By British standards Peter Molyneux has made it big. He had an Aston Martin in the garage even before he sold his games company, Bullfrog, to Electronic Arts for about £40 million in January 1995, and his pockets are deep enough to foot the repair bills. "I've crashed it three times," he sighs; "Aston have practically asked me to change car." Molyneux has many of the other tokens of success and excess, too - including the envious snipings of his peers, and a purpose-built dream house. The house is riddled with more gismos than a James Bond film, including an imported Japanese toilet that automatically attends to his intimate hygiene needs. He's honeycombed it with secret passages. "I'm obsessed with secret passages, so I'm having them installed everywhere. One leads out to a secret courtyard with a hot tub in it, another connects the gym to the swimming pool and another leads to the office - you can't get in if you don't know how to activate it."
But in the middle of the night, just about every night, Molyneux sits in that office churning out games code just like a grunt geek at the bottom end of the computer food chain. Why? This is a man who could wear flash suits, do power-lunches and make deals with the best of them. If he was a Californian success story he would almost certainly be doing just that. Molyneux has tried power mogulling; now he prefers to get back doing what he does best. "I spent about a year doing corporate meetings, and it soon became apparent this was the most depressing way of spending the day. So I got back to programming games. I'm not denying that I want to make money, but being creative and running my own life come first."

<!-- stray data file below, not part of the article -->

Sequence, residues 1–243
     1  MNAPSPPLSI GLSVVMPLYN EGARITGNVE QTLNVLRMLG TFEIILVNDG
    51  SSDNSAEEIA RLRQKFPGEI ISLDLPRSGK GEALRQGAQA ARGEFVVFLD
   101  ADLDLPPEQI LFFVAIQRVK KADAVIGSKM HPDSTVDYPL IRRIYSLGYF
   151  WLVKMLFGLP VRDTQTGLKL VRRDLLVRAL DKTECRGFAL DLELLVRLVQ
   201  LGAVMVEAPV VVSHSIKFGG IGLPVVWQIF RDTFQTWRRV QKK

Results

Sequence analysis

Molyneux is not alone. Britain is full of entrepreneurs whose idea of making it big really means keeping it small. It has been that way for a long time - though not that many people have noticed. Molyneux reckons that a third of all computer games have been created in Britain. British entrepreneurs often go unrecognised because, while they concentrate on coding, others distribute the games and put their names on the boxes. When you hear the name Lemmings, do you think of its American publisher, Psygnosis, or the team at DMA in drizzly Dundee that actually created it? Mortal Kombat sold eight million copies; Mortal Kombat II made US$50 million in its first three days on sale, but have you ever heard of Probe? When Fergus McGovern finally sold Probe to the American games company Acclaim in 1995, his shares propelled him into The Sunday Times' list of Britain's 500 richest people. But what US executive would have waited twelve years before cashing in?